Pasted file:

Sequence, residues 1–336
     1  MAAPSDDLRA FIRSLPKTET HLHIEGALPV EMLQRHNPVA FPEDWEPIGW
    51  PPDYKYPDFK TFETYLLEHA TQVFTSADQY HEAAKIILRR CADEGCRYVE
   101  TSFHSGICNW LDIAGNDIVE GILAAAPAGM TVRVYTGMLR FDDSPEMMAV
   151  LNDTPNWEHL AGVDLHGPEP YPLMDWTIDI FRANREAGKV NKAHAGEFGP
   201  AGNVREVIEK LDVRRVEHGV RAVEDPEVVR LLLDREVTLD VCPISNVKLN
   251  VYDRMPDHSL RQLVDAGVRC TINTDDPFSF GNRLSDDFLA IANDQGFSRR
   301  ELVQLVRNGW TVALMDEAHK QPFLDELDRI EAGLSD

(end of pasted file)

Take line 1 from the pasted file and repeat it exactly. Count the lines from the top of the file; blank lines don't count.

Sequence, residues 1–336